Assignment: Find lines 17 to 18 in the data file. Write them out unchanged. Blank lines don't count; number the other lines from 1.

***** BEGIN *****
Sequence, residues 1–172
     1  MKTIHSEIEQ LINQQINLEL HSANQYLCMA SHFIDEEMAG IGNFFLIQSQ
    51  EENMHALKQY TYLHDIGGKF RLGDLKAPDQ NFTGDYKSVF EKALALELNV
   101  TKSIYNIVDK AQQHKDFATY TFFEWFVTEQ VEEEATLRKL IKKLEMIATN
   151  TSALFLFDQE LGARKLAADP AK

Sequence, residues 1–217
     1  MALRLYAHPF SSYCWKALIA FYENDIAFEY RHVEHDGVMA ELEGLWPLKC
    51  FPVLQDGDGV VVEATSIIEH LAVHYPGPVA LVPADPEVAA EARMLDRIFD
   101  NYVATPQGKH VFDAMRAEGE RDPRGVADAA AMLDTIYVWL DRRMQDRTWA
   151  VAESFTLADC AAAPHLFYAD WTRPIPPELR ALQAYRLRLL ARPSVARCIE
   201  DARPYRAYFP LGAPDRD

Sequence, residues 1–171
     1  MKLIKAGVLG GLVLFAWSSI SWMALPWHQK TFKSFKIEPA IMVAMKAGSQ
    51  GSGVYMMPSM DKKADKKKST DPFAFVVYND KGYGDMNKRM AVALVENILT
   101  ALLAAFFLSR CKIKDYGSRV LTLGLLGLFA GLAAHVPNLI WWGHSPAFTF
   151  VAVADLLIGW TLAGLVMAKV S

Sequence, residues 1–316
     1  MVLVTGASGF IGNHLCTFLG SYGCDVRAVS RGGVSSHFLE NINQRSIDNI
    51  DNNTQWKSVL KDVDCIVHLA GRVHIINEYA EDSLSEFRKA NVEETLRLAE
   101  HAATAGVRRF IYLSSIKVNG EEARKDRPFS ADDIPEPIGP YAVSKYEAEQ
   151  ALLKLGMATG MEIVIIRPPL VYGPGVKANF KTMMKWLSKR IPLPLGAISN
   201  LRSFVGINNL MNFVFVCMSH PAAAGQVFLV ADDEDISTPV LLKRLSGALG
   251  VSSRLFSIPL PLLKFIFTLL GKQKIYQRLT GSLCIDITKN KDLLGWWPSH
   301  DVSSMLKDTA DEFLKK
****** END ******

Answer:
Sequence, residues 1–316
     1  MVLVTGASGF IGNHLCTFLG SYGCDVRAVS RGGVSSHFLE NINQRSIDNI